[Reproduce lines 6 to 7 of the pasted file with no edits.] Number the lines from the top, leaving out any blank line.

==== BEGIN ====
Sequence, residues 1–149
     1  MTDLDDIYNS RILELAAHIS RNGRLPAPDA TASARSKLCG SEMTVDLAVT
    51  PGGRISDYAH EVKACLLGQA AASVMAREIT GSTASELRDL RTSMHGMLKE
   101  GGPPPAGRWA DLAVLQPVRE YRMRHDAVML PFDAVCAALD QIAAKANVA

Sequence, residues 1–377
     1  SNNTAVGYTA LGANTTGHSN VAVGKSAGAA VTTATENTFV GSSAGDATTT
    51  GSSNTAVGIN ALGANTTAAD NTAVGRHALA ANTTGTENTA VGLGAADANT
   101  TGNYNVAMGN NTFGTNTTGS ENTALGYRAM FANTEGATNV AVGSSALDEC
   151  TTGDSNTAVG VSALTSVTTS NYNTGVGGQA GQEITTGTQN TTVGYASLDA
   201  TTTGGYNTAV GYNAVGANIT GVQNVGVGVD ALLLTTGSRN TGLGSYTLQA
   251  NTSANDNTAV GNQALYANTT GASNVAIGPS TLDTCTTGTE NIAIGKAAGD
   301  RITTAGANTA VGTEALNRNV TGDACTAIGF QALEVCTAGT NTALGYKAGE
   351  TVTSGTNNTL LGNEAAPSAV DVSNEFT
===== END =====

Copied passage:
     1  SNNTAVGYTA LGANTTGHSN VAVGKSAGAA VTTATENTFV GSSAGDATTT
    51  GSSNTAVGIN ALGANTTAAD NTAVGRHALA ANTTGTENTA VGLGAADANT